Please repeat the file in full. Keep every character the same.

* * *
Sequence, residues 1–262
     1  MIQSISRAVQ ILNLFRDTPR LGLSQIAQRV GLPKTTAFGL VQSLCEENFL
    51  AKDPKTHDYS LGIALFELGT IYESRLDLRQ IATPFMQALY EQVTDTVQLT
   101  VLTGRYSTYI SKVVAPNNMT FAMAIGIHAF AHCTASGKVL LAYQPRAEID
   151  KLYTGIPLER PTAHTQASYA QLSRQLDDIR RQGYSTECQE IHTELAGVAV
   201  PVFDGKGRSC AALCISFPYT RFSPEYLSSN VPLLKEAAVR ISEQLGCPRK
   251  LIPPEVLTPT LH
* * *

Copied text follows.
Sequence, residues 1–262
     1  MIQSISRAVQ ILNLFRDTPR LGLSQIAQRV GLPKTTAFGL VQSLCEENFL
    51  AKDPKTHDYS LGIALFELGT IYESRLDLRQ IATPFMQALY EQVTDTVQLT
   101  VLTGRYSTYI SKVVAPNNMT FAMAIGIHAF AHCTASGKVL LAYQPRAEID
   151  KLYTGIPLER PTAHTQASYA QLSRQLDDIR RQGYSTECQE IHTELAGVAV
   201  PVFDGKGRSC AALCISFPYT RFSPEYLSSN VPLLKEAAVR ISEQLGCPRK
   251  LIPPEVLTPT LH